Assist with assessment activity collage by discussing finished pictures.
Children often have no experience of total darkness and sometimes
say they can see in the dark because street lights light up their
room when they are in bed.
ASSESS
Make a night/day, dark/light collage or picture e.g. What we can
see in daylight and What we can see when it is night.
Discuss what their pictures/collages show.
Notes:
The plan can be formatted to view a week at a time and not every lesson this is important to support manageability
Most of the plan is self- explanatory. It seeks to include most of the desirable elements. It is possible to expand the format to A3 but this risks the planning process taking
too long for the time frame also sometimes the detail required will be brief
Class organisation is crucial to the plan working properly including differentiation and the role of additional adults. Plans can be shared to make expectations clear
SUCCESS CRITERIA:
These are an essential part of planning and should be clear and manageable
These may be part of active assessment activities where students determine the criteria. In planning, teachers need to write a broad outline of anticipated suggestions
A
p
p
e
n
d
i
x

C
:

S
a
m
p
l
e

S
c
h
e
m
e
s

o
f

W
o
r
k
1
0
1
Stage 3: Unit 1A, 3.1 Life Processes
Week beginning: 1
st
week of term UNIT:3.1 L ife Processes CLASS:
T
i
m
i
n
g
F
r
a
m
e
w
o
r
k

R
e
f
:
Learning Objectives Success
Criteria
Activities
(see notes below re: differentiation
details, etc.)
W: whole class; G: group; I: individual
Resources
E
v
i
d
e
n
c
e

o
f

a
c
h
i
e
v
e
m
e
n
t
Description W/G/I
2 hrs 3Bh6 Can sort living things into
groups, using simple features
and describe rationale for
groupings.
BA I can sort living
things into groups.
A I can sort living
things into groups
and, with help from
an adult, tell you why.
HA I can sort living
things into groups
and tell an adult why.
Identify what all living things can
do move, grow, reproduce,
breathe, feed, use senses
Set up a circus (different activities
on different tables) of sensory
activities as a reminder of what
our senses are:
Taste/smell tests
Feely bags
Blindfold games
Listening activities identifying
sounds
Grouping activities
W
G/I
G/I
Photographs
Hoops
Feely bags
Magnifying glasses
D
D/O
Q&A: question/
answer
D: discussion
O: observation
M: marked
work
Organisation: details of differentiation / groups / adult role (linked to activities) Notes / extension opportunities / homework
Adult to supervise table activities and question completed grouping activities.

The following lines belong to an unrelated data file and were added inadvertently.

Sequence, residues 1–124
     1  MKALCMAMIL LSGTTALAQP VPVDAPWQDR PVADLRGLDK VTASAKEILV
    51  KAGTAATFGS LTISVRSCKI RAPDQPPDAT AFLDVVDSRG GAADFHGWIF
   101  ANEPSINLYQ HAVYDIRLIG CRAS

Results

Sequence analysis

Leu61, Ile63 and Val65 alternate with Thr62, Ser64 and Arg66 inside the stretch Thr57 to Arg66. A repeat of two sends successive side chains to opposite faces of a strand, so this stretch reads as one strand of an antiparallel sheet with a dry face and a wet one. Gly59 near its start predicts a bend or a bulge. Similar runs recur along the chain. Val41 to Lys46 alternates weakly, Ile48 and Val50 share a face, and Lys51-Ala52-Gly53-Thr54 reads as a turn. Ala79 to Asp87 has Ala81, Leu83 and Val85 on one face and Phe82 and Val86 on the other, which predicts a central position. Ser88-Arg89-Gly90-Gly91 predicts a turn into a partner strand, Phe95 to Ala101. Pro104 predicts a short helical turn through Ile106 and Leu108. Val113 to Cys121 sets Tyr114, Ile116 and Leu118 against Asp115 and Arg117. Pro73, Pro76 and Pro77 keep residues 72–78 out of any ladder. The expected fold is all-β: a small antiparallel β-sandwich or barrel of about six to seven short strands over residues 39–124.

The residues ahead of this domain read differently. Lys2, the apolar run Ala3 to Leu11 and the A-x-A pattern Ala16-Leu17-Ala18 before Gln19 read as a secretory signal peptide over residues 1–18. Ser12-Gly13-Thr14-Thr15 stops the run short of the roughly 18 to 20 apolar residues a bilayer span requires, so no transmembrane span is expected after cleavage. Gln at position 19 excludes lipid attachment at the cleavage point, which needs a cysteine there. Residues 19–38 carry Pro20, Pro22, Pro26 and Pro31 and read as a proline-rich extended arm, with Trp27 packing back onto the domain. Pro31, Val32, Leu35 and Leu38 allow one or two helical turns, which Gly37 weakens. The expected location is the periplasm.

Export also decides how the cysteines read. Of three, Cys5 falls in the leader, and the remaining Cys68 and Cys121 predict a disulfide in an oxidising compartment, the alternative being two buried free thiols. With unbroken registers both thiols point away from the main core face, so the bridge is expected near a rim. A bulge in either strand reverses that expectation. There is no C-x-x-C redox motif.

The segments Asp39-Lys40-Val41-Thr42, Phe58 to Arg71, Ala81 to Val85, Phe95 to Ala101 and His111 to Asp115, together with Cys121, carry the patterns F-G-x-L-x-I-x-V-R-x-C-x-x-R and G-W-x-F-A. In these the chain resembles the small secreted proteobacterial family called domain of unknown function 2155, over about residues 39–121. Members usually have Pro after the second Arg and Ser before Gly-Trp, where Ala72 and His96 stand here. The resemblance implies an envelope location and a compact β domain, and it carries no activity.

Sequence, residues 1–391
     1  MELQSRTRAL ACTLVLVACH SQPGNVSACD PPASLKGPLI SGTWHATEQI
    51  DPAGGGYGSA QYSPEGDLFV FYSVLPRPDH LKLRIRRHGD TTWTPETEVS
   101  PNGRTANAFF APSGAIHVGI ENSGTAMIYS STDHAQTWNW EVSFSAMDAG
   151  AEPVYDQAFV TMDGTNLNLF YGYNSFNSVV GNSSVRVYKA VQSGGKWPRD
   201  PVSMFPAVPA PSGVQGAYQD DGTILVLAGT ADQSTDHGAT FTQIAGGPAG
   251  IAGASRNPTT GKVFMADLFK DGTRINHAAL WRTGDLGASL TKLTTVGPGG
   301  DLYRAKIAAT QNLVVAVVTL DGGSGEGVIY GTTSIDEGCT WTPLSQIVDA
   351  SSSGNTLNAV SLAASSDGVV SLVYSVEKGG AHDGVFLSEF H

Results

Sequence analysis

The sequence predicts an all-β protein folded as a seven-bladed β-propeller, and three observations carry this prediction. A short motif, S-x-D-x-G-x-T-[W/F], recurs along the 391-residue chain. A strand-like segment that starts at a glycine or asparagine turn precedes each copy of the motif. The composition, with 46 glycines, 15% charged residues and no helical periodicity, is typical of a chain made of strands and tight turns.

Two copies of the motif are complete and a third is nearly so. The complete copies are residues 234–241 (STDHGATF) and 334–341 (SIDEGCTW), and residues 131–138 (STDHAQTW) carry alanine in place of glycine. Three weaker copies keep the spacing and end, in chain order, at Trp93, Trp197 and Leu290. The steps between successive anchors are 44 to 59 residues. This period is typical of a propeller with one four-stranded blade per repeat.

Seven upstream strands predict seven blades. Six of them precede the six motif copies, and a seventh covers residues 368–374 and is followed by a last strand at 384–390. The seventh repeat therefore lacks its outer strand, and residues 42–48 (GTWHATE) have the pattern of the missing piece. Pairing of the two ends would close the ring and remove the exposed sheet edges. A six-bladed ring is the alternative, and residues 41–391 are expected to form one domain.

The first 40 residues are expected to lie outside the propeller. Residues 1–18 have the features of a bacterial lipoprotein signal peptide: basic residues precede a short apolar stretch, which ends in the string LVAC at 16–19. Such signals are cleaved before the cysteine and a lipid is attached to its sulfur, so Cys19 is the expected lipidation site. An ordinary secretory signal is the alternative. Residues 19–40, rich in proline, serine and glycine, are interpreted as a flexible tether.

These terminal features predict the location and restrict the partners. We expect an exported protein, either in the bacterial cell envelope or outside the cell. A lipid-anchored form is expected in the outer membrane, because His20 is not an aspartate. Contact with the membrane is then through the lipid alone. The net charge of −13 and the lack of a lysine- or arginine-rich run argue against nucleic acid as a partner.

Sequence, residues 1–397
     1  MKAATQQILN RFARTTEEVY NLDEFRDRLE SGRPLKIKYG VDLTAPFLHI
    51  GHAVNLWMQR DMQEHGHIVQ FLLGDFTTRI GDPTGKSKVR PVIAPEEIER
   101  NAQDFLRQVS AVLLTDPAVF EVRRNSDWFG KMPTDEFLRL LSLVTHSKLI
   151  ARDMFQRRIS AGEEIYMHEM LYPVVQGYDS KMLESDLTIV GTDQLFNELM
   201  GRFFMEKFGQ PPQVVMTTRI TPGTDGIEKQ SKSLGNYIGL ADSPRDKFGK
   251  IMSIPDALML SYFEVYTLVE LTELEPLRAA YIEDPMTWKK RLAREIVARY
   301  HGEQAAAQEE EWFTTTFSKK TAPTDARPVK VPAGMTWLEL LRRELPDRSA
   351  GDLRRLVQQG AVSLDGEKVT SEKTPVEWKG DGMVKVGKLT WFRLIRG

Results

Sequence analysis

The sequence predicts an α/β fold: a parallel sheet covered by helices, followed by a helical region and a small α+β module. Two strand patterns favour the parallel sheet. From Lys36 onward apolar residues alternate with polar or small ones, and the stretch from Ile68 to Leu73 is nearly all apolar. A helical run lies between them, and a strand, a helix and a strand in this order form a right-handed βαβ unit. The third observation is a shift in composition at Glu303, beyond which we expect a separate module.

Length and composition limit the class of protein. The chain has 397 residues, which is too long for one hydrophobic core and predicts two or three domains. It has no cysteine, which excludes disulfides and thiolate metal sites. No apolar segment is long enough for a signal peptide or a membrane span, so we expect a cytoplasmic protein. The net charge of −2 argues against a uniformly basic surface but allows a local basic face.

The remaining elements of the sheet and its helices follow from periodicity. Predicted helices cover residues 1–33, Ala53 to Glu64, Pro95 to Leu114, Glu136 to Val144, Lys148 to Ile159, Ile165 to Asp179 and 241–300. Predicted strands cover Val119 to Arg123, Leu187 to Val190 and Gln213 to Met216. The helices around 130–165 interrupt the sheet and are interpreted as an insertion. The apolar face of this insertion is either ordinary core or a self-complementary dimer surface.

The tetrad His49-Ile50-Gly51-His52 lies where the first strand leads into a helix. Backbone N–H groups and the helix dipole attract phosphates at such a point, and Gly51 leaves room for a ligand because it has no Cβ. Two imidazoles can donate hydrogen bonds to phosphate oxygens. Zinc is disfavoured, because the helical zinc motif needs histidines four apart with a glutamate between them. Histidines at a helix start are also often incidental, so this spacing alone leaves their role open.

Notes:
The plan can be formatted to view a week at a time and not every lesson this is important to support manageability
Most of the plan is self- explanatory. It seeks to include most of the desirable elements. It is possible to expand the format to A3 but this risks the planning process taking
too long for the time frame also sometimes the detail required will be brief
Class organisation is crucial to the plan working properly including differentiation and the role of additional adults. Plans can be shared to make expectations clear
SUCCESS CRITERIA
These are an essential part of planning and should be clear and manageable
These may be part of active assessment activities where students determine the criteria. In planning, teachers need to write a broad outline of anticipated suggestions
C
a
m
b
r
i
d
g
e

P
r
i
m
a
r
y

S
c
i
e
n
c
e

T
e
a
c
h
e
r

G
u
i
d
e
1
0
2
Stage 3: Unit 1A, 3.1 Life Processes
Week beginning: 2
nd
week of term UNIT: 3.1 Life Processes CLASS:
T
i
m
i
n
g
F
r
a
m
e
w
o
r
k

R
e
f
:
Learning Objectives Success
Criteria
Activities
(see notes below re: differentiation
details, etc.)
W: whole class; G: group; I: individual
Resources
E
v
i
d
e
n
c
e

o
f

a
c
h
i
e
v
e
m
e
n
t
Description W/G/I
2 hrs 3Bh2 Can describe differences
between living and non-living
things using knowledge of life
processes.
I can tell the difference
between something that
is alive and something
that has never been
alive.
Revise living vs non-living how
can we tell?
Distinguish between living vs
non-living agree definitions
Explore different ways of moving.
Investigate how we breathe
W
W
W
G
Secondary soruces
Internet, books, CD
roms
Mirrors
Q&A
D
D
O
O
Q&A: question/
answer
D: discussion
O: observation
M: marked
work
Organisation: details of differentiation / groups / adult role (linked to activities) Notes / extension opportunities / homework
Adults supervise mirror/breathing activity. Link with P.E. when exploring different ways of moving and how we
breathe.
Notes:
The plan can be formatted to view a week at a time and not every lesson this is important to support manageability
Most of the plan is self- explanatory. It seeks to include most of the desirable elements. It is possible to expand the format to A3 but this risks the planning process taking
too long for the time frame also sometimes the detail required will be brief
Class organisation is crucial to the plan working properly including differentiation and the role of additional adults. Plans can be shared to make expectations clear
SUCCESS CRITERIA:
These are an essential part of planning and should be clear and manageable
These may be part of active assessment activities where students determine the criteria. In planning, teachers need to write a broad outline of anticipated suggestions
A
p
p
e
n
d
i
x

C
:

S
a
m
p
l
e

S
c
h
e
m
e
s

o
f

W
o
r
k
1
0
3
Stage 4: Unit 1A, 4.1 Skeleton and Muscles
Week beginning: 1
st
week of term UNIT: 4.1 Skeleton and Muscles CLASS:
T
i
m
i
n
g
F
r
a
m
e
w
o
r
k

R
e
f
:
Learning Objectives Success
Criteria
Activities
(see notes below re: differentiation
details, etc.)
W: whole class; G: group; I: individual
Resources
E
v
i
d
e
n
c
e

o
f

a
c
h
i